After publishing so much news from Maporama, I figured it was time to have a look. One reason I've not looked at Maporama, I suppose, is that the company calls itself "the leading European provider of location-centric applications consisting of high-quality advanced mapping and routing." I don't generally need information on Europe, but Maporama does cover the U.S., so I gave it a shot. Am I ready to give up on MapQuest? Not quite. Here are some reasons why:

• Maporama covers a lot of ground. The company notes that it has maps of every country and 635,000 cities.

• Maporama offers "normal" and "interactive" options when finding a map. The normal map is raster, the interactive one, vector, I think. You can choose which type makes sense for your query. The interactive seemed to have "live" zooming (that is, without a return trip to the server) but caused my browser to crash twice.

• The default map is very nice. It includes one-way streets and address ranges. The address of interest is circled, and the block highlighted. Another bonus: the latitude and longitude coordinates are provided for the geocoded location. And, you can customize the map for delivery to your handheld device by choosing black and white vs. color, a map for pedestrians or cars, or using a variety of country "styles" among others.

• Directions are provided for three different modes: by car, on foot, or via the subway. Car directions are in meters (by default but can be changed) and use European road type symbols. If you change from km to miles you'll get directions that say things like: "Follow Harvard St for 538 feets." The program said I could not take the subway from my house to a northern suburb of Boston (correct), nor could I take it from my house to a location in downtown Boston either, though in reality, I do this all the time! Oddly, the map of Boston has lots of little boat symbols - many of which are on land. I could not find a legend for them. One nice touch: you can include several "stops" in the creation of your route.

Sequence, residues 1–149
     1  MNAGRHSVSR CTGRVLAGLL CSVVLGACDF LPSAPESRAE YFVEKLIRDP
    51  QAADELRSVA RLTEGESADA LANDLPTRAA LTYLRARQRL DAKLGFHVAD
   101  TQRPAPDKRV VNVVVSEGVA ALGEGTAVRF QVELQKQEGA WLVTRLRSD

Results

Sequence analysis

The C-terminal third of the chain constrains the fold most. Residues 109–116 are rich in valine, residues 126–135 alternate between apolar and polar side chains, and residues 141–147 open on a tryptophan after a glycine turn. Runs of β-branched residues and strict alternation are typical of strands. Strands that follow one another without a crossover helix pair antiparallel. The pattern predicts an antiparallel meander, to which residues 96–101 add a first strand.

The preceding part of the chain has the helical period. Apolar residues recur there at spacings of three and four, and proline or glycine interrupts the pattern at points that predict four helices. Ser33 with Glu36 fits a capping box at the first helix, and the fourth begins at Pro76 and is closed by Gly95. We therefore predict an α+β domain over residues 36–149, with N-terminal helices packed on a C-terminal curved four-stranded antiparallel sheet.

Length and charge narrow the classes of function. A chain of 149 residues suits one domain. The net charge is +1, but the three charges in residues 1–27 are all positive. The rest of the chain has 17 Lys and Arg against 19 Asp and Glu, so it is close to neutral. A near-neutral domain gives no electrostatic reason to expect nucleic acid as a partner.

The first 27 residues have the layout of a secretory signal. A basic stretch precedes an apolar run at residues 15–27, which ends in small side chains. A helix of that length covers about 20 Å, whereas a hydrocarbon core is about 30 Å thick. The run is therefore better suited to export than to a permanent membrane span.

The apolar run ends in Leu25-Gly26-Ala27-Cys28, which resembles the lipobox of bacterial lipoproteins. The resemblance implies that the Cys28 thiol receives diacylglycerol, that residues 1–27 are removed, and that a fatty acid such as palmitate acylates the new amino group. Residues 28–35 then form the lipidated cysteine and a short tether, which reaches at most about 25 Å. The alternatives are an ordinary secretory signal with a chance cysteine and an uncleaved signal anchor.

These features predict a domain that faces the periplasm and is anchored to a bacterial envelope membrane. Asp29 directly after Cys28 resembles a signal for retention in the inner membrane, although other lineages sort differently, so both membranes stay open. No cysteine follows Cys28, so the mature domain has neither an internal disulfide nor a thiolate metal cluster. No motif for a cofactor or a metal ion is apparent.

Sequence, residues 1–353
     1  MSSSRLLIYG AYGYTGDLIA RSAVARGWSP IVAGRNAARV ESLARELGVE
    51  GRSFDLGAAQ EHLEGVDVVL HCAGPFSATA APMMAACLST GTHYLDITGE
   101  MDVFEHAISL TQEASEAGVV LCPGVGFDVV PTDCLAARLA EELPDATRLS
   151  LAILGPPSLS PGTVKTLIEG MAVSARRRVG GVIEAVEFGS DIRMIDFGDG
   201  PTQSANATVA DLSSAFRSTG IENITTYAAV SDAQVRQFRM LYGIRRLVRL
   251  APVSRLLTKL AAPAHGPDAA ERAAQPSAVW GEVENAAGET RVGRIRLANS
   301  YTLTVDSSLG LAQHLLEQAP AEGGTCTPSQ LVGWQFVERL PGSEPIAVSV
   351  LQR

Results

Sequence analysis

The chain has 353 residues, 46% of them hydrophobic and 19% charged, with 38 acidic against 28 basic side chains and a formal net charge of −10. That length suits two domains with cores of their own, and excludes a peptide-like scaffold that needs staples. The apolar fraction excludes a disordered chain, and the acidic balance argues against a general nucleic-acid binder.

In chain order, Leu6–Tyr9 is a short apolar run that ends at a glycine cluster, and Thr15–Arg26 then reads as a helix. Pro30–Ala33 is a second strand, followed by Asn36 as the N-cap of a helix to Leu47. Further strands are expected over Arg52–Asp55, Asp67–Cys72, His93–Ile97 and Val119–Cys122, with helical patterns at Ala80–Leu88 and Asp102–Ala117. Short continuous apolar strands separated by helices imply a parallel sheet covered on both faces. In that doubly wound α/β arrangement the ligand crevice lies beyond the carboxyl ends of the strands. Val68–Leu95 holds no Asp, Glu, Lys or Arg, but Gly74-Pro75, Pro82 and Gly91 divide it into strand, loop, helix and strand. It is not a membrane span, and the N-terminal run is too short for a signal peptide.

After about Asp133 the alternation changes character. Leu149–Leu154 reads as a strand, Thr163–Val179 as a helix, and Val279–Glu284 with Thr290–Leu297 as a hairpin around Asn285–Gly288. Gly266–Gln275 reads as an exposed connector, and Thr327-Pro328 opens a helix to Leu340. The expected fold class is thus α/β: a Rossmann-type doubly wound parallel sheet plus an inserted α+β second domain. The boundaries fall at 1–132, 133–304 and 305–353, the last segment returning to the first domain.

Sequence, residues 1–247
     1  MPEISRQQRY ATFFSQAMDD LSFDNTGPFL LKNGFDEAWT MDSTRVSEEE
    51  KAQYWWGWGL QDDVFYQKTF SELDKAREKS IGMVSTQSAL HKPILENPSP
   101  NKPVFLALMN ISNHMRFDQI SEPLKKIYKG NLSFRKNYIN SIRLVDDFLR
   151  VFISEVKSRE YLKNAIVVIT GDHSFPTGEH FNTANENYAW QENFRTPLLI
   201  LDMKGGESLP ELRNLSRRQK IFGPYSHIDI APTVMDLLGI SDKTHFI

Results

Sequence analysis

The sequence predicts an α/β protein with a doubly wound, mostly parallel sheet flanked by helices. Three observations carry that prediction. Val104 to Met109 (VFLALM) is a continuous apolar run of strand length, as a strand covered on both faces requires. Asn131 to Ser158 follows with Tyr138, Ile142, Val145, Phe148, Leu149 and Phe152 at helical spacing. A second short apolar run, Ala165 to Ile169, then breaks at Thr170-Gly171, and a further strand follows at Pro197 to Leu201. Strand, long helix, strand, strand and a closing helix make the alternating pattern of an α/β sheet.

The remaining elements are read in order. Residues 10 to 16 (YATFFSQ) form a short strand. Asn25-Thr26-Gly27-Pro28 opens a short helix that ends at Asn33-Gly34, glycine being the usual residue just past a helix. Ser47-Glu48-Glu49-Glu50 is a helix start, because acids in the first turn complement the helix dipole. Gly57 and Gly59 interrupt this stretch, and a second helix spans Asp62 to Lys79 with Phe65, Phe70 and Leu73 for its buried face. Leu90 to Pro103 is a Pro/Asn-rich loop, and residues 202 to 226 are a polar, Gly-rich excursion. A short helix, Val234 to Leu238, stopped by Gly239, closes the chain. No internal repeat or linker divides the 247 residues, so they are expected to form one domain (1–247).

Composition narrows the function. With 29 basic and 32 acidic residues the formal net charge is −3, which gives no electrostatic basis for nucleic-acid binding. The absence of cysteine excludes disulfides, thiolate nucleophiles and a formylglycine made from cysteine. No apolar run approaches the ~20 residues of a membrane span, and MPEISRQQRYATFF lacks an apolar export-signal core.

On the whole, Maporama offers quite a lot, but to U.S. tastes, may seem a bit foreign. The company is most interested in using its capabilities on partner sites and on wireless phones and devices.

You read GIS Monitor because it's valuable to you. Now's your chance to share this find with a friend! For every person's e-mail address you suggest as a new subscriber, you'll get a chance to win a prize in our weekly raffle. This week you could win a mini GIS library, provided by ESRI. If for some reason your friend does not find GIS Monitor valuable, unsubscribe information is in every issue.

To add your friend(s) to the subscriber list, visit our referral page.

Good luck and thank you for your continued support!

• A reader took a look at the bigger picture of competition in the GIS marketplace, in the context of ESRI's recent investment in SICAD:

"Your article on ESRI's moves to consolidate its position was fascinating. (As was the one on Pictometry, but that's a different subject.)

"I've been thinking about the Open GIS Consortium's [OGC] testbeds and specifications. It's taking between a year to two years to get specs out of OGC. There are a ton of things in the pipeline. In fact, there is always so much going on that it seems like the vendor participants are stretched far too thinly to allow OGC to get about its business of developing specifications.